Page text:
Updated: September 07, 2021 11:46 PM
Created: September 07, 2021 11:45 PM
On this first day of classes, 15 buses for Stillwater Area Public Schools sat idle with no drivers.
"It's Tuesday, and we are now trying to scramble, trying to figure out how to get our kids to school,” says Jorlene Leslie, from Stillwater. “I’m a single mom. I will have to transport two kids to two different schools: one in high school and one in middle school.”
Leslie, a certified nurse assistant, is working to arrange transportation for her 12-year-old daughter, Tiana, and her son, Talon, who’s 14.
“It's very frustrating,” Leslie says. “I'm a CNA, so I don't have a choice to just pick my schedules, when I want to come in, when I leave."
Leslie was among the parents who received an email last Friday from Superintendent Malinda Landsfeldt, saying "the transportation vendor has been unable to find drivers for the number of bus routes.”
In the email, Landsfeldt said affected parents will need to find alternative transportation for "the foreseeable future."
But the superintendent told school board members during an emergency session Tuesday night that she had some news.
"Yesterday we were notified that seven of the unfilled routes would be covered and 15 routes would not be covered today,” Landsfeldt said. “There’s no quick fix or easy answer.”
During that session, board members heard about possible ideas.
“[We] looked at possibly using vans,” explained Mark Drommerhausen, the district’s director of operations. “We’ve looked at coach buses, charter buses, reached out to other vendors. At this time, we have not been successful at that.”
Landsfeldt says the first priority is busing for children who live two miles or more from school, special education students, and those from who are required by law to have transportation.
She says other ideas include rerouting buses and trying expanded bus hubs, where a bus might make one stop in a neighborhood, instead of six or seven.
That might mean more walking for some students, but it also means routes can be completed more quickly, allowing for a second round of pickup for a school.
"Rerouting will begin immediately and take effect in the next two weeks,” Landsfeldt told the board. “Families will be notified of the changes in their service. The hope is to get back to regular bus service as quickly as possible.”
District officials are also discussing the possibility of reimbursement for parents who give their kids rides to and from school.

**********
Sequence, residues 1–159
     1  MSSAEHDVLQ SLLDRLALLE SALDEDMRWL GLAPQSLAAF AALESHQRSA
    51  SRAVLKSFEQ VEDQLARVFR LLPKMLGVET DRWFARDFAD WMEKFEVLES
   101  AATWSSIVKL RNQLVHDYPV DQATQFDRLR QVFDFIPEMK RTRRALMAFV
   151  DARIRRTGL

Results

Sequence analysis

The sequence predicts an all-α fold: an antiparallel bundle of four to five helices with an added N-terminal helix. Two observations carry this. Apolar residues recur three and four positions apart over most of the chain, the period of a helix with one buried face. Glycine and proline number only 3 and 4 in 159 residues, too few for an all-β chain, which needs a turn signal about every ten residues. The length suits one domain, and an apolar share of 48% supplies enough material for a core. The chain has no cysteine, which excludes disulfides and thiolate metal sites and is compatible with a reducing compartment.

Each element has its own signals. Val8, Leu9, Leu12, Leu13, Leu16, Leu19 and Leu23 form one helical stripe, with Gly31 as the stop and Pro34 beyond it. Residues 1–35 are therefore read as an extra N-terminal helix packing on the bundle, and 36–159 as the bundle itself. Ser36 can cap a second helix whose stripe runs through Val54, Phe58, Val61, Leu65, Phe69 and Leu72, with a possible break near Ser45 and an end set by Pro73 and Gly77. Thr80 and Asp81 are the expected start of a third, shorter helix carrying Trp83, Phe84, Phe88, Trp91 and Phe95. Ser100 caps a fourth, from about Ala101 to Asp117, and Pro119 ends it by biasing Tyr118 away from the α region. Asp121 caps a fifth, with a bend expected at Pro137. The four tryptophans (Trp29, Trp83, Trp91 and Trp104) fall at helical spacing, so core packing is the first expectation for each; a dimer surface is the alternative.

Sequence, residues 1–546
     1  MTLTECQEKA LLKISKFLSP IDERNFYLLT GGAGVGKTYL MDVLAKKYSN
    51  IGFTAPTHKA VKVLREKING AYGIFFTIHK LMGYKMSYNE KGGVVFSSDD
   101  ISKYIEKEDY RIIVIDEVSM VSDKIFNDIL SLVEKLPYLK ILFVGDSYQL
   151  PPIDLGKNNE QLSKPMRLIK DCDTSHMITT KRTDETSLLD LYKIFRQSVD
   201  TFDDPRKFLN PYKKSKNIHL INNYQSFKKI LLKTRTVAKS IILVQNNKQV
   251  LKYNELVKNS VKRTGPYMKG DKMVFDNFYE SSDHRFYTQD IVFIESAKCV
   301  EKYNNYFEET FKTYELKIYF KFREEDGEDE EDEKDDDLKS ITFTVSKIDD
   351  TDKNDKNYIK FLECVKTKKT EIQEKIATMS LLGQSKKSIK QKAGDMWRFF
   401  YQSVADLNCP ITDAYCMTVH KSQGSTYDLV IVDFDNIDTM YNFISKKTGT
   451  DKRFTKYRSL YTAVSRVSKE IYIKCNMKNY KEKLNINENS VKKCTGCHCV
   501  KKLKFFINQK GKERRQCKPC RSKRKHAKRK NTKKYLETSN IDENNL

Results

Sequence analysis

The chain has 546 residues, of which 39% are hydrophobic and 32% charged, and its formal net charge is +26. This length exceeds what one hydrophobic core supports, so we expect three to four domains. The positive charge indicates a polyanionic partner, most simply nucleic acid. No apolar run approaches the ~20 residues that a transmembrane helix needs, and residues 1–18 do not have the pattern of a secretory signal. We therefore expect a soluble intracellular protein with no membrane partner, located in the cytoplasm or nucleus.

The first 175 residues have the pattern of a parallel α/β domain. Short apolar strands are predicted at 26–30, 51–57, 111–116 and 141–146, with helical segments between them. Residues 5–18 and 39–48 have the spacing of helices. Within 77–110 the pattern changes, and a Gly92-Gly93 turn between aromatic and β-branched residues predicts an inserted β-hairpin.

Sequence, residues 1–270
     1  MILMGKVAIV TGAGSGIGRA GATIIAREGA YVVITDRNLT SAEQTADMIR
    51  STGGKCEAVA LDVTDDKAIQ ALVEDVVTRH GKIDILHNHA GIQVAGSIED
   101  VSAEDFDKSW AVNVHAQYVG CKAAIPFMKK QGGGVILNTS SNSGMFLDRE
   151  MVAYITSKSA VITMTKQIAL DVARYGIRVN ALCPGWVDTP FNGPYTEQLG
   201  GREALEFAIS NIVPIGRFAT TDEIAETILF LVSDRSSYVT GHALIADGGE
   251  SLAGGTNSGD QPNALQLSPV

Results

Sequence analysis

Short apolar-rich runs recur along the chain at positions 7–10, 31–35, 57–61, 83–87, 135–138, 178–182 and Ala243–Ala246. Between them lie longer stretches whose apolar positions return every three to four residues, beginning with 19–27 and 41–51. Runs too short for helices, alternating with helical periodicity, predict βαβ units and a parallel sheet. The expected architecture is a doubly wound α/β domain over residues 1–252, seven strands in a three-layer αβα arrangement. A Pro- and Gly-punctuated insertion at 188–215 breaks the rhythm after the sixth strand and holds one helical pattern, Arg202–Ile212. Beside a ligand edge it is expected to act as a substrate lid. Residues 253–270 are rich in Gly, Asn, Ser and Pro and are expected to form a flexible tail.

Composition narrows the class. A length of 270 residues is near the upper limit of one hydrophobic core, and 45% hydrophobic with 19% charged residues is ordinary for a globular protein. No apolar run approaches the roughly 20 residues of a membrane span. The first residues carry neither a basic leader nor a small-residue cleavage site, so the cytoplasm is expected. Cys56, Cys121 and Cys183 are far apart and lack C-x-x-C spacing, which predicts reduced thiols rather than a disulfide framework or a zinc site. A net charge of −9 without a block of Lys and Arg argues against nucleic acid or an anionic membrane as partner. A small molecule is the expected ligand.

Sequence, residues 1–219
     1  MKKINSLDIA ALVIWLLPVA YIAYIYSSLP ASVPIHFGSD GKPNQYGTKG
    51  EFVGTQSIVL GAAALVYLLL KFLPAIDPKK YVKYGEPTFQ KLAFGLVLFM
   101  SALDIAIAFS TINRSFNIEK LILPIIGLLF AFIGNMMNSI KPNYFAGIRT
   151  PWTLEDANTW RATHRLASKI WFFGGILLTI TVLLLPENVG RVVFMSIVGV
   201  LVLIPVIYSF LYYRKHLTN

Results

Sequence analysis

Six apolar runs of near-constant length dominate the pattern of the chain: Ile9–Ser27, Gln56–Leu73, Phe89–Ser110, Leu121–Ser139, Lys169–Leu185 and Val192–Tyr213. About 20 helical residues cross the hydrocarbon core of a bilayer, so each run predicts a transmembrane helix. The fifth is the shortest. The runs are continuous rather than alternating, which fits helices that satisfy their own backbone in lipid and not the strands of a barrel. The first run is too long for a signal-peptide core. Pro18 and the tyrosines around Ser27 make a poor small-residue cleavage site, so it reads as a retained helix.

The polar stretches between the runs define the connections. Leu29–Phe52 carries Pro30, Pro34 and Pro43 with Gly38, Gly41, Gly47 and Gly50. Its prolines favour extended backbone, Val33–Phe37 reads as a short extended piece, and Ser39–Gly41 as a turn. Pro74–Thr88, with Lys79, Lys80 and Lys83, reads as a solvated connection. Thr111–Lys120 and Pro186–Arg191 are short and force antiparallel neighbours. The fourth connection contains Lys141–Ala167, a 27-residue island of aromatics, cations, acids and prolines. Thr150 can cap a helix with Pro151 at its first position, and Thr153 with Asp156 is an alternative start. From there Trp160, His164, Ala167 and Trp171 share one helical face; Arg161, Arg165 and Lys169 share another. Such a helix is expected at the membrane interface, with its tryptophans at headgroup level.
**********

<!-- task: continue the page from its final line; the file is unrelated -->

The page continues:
One potential option could be a 56-cents-a-mile compensation.
Landsfeldt noted the district is now in litigation with its bus carrier, Metropolitan Transportation Network.
Last Friday the district filed a lawsuit against Metropolitan for alleged breach of contract, saying school officials first learned about the driver shortage in an email sent Wednesday.
On Monday, Metropolitan released a statement,which says in part:
“A significant driver shortage across the country is creating challenges for all schools. We were working diligently with the Stillwater School District until last week to try to find solutions to ensure all students had safe and reliable transportation. We will continue to do everything we can to ensure we are covering as many routes as possible and do our part to help alleviate the concerns and uncertainty of the families in the district.”
Drommerhausen says if people are interested in driving for the district, they should reach out.
“If people reach out to us and want to drive a bus, we will definitely get them signed up and go through the licensing requirement they have to do,” he said.
“We do not have an end time, but we’re hopeful that it can be,” Landsfeldt added. “But unfortunately, we don’t know when this is going to end.”
The superintendent says she hope to have some specific answers in the next week or two.
Leslie is hoping something can be arranged to get kids back on the buses.
"It upsets everything,” she says. “It makes it a mess. They don't know when they're coming, they don't know when they're going. Routine is nice, and our kids need that right now.”
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